These are empirical questions (ok, except for the tp) that are based on Walker’s unintuitive statements. I’m hoping he doesn’t want us to take him at his word that we’re pissed off at P&G and we’re not going to take it any more and they can take their 1-1 relationship with all human beings and put it where the Charmin goes. I’m hoping there’s data behind all these claims that form the conceptual basis for his argument.

  2. “We are still measuring the ability of social media to strengthen traditional brand relationships not the ability of brands to enhance the relationships people have with one another”. This is the crux of the discussion and not really a new argument. It has been well researched and proven that many brand choices have always been about people following others and not some complex and well processed solus decision making. So in some ways nothing really new here, just that there are new information flows from social media that are enhancing the socialized decision making process even more than in the past. What is new is that given this recognition just what role does market research play and what metrics are going to be critical? Basically this is saying that one on one data collection is going to be misleading and techniques of data analysis (I hate the term big data!) and real time observation are going to be more critical. Asking a question one on one is no longer the key to insights. Where does that leave quantitative research? In fact the so called “Globally Enraged” are even turning off their geo-locators and blocking unsolicited attempts at survey participation. Basically they are getting annoyed at the intrusions in their social media lives. Whither the promises of a brave new world from quant based SoLoMo?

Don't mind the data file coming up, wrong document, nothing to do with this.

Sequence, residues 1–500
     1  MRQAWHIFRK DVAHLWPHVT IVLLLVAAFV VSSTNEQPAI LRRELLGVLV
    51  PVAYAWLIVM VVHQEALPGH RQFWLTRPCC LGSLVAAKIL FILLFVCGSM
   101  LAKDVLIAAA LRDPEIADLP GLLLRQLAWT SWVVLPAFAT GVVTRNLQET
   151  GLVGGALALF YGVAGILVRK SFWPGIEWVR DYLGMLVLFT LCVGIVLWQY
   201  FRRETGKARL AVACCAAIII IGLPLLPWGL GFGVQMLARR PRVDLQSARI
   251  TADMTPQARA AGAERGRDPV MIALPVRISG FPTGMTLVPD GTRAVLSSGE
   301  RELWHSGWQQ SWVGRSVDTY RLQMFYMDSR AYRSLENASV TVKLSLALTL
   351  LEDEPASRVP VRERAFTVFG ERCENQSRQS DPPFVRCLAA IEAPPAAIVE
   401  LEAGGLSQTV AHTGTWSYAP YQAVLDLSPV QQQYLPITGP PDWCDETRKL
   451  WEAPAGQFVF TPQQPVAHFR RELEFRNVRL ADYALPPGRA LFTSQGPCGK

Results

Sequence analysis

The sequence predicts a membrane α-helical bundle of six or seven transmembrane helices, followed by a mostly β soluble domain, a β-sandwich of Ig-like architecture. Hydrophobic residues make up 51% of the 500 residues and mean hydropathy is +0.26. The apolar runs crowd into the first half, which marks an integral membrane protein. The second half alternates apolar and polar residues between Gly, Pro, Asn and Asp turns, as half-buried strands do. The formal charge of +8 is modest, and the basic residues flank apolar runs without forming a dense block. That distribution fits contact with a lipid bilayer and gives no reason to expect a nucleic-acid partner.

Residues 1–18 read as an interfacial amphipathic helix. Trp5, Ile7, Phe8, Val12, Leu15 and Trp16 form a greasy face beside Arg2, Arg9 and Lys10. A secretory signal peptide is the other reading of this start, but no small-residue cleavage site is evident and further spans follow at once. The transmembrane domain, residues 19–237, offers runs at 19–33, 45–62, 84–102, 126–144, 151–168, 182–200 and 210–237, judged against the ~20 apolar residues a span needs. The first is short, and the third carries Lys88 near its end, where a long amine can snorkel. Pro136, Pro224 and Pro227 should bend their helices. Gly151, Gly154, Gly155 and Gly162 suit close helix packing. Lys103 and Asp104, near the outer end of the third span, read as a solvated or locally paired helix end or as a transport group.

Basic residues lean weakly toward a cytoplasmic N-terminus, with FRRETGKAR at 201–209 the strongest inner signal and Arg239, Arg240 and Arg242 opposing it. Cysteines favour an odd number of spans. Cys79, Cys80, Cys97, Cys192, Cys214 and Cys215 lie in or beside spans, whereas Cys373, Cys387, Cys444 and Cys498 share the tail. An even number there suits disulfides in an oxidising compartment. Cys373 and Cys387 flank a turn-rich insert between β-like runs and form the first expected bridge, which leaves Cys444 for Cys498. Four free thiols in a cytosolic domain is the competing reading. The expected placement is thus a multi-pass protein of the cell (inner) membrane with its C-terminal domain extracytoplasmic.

Leave a Reply to Chris Robinson Cancel reply